Author(s): Chand B, Indeck M, Needleman B, Finnegan M, Van Sickle KR,
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Abstract BACKGROUND: The outcome of incisional and ventral hernia repair depends on surgical technique, patient, and material. Permacol™ surgical implant (crosslinked porcine collagen) has been used for over a decade; however, there are few data on outcomes. This study is the largest retrospective multinational study to date to evaluate outcomes with Permacol™ surgical implant in the repair of incisional and ventral hernias. METHODS: Data were collected retrospectively on 343 patients treated for 213 incisional and 130 ventral hernias. Data evaluated included patient demographics, wound classification, surgical technique, morbidity, and recurrence rates. RESULTS: Median follow-up time was 649 days (max: 2857), median age 57 years (range 23-91), and BMI 32 kg/m(2) (range 17.6-77.8). Two or more comorbidities were present in 70\% of patients. Open surgery was performed in 220 (64\%) patients. Permacol™ surgical implant was used as an underlay (250), sublay (39), onlay (37), or inlay (17). Surgical techniques included component separation (89; 25.9\%), modified Stoppa technique (197; 57.4\%), and Rives-Stoppa (17; 5.0\%). CDC Surgical Wound Classification was Class I (190), Class II (103), Class III (28), and Class IV (22). Complications were seen in 40.5\% (139) of the patients, with seroma (19\%) and wound infection (15\%) as the most common. Mesh removal occurred in 1 (0.3\%) patient. Kaplan-Meier analysis demonstrated that the probabilities for hernia recurrence at one, two, and three years were 5.8\%, 16.6\%, and 31.0\%, respectively. CONCLUSIONS: Permacol™ surgical implant was shown to be safe with relatively low rates of hernia recurrence. CLINICAL TRIAL REGISTRATION NUMBER: NCT01214252 (http://www.clinicaltrials.gov). Copyright © 2014 Surgical Associates Ltd. Published by Elsevier Ltd. All rights reserved.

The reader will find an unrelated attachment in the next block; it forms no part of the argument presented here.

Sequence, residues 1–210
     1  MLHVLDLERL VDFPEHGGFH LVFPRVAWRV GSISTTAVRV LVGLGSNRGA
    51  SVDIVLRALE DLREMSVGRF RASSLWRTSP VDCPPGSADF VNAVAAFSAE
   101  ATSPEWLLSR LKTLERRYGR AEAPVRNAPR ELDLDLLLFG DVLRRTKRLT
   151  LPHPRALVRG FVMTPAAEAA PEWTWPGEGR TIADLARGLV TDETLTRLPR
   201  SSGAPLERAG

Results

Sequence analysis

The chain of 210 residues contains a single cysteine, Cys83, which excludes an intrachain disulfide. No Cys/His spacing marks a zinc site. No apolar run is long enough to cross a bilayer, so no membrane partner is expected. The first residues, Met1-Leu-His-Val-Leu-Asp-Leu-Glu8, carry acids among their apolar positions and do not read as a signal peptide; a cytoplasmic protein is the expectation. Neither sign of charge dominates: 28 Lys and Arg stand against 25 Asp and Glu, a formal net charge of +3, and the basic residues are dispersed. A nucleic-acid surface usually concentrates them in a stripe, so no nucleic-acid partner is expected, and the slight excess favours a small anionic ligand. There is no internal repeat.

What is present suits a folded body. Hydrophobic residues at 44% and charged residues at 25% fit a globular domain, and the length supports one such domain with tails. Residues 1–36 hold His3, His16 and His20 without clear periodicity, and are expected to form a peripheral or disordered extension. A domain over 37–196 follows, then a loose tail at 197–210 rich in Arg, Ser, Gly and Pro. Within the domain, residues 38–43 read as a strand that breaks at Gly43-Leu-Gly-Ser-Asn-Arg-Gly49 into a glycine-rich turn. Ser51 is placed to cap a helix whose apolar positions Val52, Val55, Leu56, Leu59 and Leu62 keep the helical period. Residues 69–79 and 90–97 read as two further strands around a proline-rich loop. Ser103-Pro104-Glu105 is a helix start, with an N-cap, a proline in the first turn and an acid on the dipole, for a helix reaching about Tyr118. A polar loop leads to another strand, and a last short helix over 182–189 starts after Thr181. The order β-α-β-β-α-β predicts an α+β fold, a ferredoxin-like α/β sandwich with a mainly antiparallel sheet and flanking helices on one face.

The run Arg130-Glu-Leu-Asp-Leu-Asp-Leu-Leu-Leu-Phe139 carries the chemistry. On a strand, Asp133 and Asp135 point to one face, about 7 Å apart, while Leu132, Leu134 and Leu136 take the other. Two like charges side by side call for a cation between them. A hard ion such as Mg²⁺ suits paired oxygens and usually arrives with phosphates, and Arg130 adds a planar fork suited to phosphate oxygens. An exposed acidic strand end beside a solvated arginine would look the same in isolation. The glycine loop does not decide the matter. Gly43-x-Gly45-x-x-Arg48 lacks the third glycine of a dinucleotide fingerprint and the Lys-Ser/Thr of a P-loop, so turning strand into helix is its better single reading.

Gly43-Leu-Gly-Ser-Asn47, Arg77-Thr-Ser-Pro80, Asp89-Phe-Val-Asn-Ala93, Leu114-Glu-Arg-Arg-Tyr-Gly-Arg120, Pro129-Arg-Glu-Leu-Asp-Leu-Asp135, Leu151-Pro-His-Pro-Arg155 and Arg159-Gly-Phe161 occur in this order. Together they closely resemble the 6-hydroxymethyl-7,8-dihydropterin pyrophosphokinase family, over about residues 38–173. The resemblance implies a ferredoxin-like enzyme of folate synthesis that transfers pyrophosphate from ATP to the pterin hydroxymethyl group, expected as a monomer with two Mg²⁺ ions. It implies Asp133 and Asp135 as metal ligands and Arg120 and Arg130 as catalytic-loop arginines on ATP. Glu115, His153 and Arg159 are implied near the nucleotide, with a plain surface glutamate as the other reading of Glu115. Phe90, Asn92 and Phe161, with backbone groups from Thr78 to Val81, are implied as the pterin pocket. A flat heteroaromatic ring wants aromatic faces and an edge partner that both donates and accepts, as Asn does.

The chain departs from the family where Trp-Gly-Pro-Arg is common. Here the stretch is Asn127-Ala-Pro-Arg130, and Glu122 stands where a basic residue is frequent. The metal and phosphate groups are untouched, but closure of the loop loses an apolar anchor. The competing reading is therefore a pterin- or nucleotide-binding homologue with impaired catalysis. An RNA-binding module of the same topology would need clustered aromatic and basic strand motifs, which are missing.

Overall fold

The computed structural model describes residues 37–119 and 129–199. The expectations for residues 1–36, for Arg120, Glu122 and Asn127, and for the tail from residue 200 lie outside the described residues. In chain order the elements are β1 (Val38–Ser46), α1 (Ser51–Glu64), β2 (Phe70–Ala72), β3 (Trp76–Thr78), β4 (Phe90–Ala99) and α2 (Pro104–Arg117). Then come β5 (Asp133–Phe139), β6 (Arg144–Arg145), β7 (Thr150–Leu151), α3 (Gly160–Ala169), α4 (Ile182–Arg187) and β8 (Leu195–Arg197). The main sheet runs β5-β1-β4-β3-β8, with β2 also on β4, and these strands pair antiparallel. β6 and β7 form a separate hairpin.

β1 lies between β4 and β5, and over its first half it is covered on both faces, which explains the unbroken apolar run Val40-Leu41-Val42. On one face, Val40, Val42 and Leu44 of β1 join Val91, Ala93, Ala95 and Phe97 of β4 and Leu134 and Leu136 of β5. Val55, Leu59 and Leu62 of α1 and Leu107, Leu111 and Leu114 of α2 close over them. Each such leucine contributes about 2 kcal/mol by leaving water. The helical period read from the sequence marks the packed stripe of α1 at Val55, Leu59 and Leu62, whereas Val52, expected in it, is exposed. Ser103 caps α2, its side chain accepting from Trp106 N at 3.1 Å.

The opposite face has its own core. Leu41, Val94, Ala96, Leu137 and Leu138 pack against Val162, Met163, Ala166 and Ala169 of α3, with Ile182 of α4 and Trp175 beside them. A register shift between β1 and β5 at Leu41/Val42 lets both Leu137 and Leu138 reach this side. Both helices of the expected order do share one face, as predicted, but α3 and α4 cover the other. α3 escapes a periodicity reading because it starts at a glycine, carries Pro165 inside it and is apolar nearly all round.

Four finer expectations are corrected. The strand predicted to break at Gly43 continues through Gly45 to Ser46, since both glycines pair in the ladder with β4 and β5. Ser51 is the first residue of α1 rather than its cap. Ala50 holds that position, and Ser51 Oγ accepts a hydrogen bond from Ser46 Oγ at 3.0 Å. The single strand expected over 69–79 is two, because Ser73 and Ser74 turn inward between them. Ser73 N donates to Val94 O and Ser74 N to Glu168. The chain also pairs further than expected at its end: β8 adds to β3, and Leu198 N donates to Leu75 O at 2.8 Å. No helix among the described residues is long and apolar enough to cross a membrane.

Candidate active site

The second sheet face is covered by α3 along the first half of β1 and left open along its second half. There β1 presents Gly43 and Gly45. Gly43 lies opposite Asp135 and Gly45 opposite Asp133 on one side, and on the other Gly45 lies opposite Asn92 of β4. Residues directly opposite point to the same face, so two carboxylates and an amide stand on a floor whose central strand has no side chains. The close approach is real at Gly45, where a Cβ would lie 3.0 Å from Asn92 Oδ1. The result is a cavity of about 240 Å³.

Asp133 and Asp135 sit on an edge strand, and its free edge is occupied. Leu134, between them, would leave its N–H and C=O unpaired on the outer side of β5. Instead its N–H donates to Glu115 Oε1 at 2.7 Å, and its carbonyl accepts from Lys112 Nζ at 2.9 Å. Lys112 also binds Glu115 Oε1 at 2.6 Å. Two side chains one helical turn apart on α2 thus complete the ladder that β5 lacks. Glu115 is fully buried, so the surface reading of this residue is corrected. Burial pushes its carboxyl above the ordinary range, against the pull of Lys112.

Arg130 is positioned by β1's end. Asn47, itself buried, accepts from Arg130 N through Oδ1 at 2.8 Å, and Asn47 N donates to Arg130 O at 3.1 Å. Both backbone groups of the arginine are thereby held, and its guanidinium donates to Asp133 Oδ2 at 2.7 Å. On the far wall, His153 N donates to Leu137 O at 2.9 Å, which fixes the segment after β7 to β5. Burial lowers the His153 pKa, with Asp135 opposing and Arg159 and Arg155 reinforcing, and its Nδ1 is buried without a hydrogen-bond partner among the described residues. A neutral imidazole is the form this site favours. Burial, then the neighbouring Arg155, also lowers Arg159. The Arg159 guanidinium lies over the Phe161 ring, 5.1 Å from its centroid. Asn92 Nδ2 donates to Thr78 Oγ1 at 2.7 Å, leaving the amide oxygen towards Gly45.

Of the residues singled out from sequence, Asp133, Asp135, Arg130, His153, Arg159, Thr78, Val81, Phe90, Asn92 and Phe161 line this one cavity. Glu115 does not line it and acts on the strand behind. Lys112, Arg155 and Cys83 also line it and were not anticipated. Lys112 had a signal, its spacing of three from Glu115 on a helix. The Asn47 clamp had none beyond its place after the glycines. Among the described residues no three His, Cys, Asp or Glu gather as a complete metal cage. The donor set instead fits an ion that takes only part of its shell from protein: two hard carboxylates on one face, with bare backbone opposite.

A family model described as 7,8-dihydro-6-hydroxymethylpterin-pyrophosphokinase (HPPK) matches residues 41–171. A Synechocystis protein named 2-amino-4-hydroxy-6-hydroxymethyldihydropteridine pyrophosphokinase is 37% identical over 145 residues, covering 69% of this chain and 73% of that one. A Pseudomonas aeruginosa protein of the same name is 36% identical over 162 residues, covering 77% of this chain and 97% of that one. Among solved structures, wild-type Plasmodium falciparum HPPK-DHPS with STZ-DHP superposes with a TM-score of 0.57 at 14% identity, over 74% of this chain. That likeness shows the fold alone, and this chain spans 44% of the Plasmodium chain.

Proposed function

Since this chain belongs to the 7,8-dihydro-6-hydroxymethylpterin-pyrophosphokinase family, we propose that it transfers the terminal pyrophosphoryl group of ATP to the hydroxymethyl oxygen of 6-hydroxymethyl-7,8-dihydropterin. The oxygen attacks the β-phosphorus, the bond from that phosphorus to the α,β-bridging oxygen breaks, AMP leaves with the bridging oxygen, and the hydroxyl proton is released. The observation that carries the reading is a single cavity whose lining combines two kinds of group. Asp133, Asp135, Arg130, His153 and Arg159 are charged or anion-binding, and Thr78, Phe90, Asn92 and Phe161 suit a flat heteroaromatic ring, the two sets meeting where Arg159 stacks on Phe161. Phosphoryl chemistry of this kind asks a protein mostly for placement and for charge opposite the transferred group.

This article was published in Int J Surg
and referenced in Journal of Medical Implants & Surgery